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Cathedral rescue brings new hope in Haiti

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A Jordanian UN peacekeeper distributes food to earthquake survivors in Port-au-Prince (AP)

A Jordanian UN peacekeeper distributes food to earthquake survivors in Port-au-Prince (AP)

The US military is conducting humanitarian and disaster relief operations in Haiti (AP)

The US military is conducting humanitarian and disaster relief operations in Haiti (AP)

US soldiers unload disaster relief supplies in Port-au-Prince, Haiti (AP)

US soldiers unload disaster relief supplies in Port-au-Prince, Haiti (AP)

A Jordanian UN peacekeeper distributes food to earthquake survivors in Port-au-Prince (AP)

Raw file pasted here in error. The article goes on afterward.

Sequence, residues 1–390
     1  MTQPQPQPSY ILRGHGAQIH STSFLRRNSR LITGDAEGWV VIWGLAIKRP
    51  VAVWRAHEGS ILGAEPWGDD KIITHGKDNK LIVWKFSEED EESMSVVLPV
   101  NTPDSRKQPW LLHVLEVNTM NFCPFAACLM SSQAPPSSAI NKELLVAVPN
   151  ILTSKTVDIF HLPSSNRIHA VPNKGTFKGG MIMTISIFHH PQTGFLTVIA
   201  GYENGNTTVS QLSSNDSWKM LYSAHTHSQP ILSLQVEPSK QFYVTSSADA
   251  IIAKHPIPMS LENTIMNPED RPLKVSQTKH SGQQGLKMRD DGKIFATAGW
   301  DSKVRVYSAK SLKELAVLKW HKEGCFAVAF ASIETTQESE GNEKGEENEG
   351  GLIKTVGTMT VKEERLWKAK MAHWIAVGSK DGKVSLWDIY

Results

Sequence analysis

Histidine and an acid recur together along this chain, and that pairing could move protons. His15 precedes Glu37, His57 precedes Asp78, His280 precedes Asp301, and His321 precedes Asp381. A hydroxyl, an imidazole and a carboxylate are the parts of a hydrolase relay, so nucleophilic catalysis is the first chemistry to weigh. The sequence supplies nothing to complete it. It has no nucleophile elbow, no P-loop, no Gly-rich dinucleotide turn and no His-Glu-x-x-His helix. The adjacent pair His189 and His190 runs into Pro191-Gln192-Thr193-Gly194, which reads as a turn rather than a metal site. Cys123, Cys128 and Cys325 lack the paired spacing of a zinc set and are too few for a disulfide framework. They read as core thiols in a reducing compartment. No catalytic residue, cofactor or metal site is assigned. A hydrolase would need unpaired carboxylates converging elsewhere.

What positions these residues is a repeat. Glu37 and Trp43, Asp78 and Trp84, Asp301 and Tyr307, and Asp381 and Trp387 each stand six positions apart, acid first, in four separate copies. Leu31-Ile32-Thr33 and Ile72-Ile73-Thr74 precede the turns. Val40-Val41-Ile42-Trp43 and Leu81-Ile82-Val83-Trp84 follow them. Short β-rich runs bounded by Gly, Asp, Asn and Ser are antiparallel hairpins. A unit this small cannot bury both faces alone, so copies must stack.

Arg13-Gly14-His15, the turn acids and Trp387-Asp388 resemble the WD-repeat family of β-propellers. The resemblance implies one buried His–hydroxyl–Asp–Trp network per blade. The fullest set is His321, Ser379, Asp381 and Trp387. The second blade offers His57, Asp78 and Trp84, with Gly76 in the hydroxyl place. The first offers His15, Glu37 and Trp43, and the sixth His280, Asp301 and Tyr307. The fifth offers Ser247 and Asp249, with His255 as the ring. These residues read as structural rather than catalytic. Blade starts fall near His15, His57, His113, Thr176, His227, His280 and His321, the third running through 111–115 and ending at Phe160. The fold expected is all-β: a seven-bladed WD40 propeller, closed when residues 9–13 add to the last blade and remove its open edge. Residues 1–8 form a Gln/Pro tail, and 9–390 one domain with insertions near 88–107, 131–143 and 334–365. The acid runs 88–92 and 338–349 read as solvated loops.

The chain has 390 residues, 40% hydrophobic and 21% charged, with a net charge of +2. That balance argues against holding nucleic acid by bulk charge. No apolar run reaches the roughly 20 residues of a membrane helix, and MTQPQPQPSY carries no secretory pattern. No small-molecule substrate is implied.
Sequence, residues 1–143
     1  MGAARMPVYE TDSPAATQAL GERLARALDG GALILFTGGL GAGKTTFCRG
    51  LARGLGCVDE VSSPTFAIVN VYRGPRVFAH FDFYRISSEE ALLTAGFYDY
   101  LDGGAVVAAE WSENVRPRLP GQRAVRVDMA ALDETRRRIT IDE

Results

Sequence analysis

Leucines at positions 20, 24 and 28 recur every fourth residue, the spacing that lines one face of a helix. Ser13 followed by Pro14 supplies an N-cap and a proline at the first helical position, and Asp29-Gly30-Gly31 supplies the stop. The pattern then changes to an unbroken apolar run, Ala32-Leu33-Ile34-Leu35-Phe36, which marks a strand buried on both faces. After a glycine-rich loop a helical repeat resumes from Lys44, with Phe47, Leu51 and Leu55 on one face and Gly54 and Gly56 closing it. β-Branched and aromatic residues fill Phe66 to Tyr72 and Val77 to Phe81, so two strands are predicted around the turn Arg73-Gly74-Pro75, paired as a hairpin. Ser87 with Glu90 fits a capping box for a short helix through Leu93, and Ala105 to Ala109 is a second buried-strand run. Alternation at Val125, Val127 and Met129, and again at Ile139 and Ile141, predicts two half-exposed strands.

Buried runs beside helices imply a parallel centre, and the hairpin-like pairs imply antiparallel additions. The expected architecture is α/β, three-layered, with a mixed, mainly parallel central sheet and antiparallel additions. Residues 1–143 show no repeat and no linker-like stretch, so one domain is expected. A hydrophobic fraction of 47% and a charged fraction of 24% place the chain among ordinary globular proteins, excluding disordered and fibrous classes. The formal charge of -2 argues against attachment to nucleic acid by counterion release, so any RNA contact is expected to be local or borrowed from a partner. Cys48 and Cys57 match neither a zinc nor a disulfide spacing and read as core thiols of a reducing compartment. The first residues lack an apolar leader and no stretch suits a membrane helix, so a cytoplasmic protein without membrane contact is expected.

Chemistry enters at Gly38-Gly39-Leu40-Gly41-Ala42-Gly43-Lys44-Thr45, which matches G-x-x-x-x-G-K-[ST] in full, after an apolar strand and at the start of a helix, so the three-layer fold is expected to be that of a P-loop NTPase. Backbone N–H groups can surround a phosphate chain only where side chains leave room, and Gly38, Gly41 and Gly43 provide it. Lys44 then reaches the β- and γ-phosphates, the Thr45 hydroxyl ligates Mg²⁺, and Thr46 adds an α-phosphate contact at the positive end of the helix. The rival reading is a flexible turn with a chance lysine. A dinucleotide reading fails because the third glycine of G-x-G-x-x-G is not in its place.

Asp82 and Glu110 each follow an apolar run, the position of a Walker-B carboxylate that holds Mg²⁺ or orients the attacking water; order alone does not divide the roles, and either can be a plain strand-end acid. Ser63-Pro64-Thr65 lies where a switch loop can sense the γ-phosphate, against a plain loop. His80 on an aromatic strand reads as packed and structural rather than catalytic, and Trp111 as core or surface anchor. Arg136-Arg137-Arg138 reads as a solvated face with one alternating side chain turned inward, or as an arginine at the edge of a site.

A woman has been rescued after spending a week buried under a collapsed cathedral in quake-hit Haiti, giving aid workers renewed hope that more people can be saved.

Dust-covered Anna Zizi was singing as she was pulled free on Tuesday by Mexican firefighters from the wreckage of the main Roman Catholic Cathedral in capital Port-au-Prince, according to charity Christian Aid.

The charity's Sarah Wilson, who watched the rescue, said: "It was an amazing thing to witness, no-one could believe she was still alive.

"She was singing when she emerged. Everyone clapped and cheered."

Zizi, thought to be in her 70s, was put on a drip and taken to hospital on the back of a truck.

Her son, Maxime Janvier, told broadcaster CNN that he never gave up hope that she would be found.

"We were praying a lot for that to happen," he said.

In the wake of the rescue, British disaster response group Rapid UK said its staff had no plans to stand down its efforts in Haiti.

But it came as another British aid organisation warned that getting help to the hungry and homeless in the Caribbean state was still a "nightmare" seven days on from the devastating tremor.

Aid efforts are being hampered by quake damage, fuel shortages and "deteriorating" security on the streets, Plan International said.

PA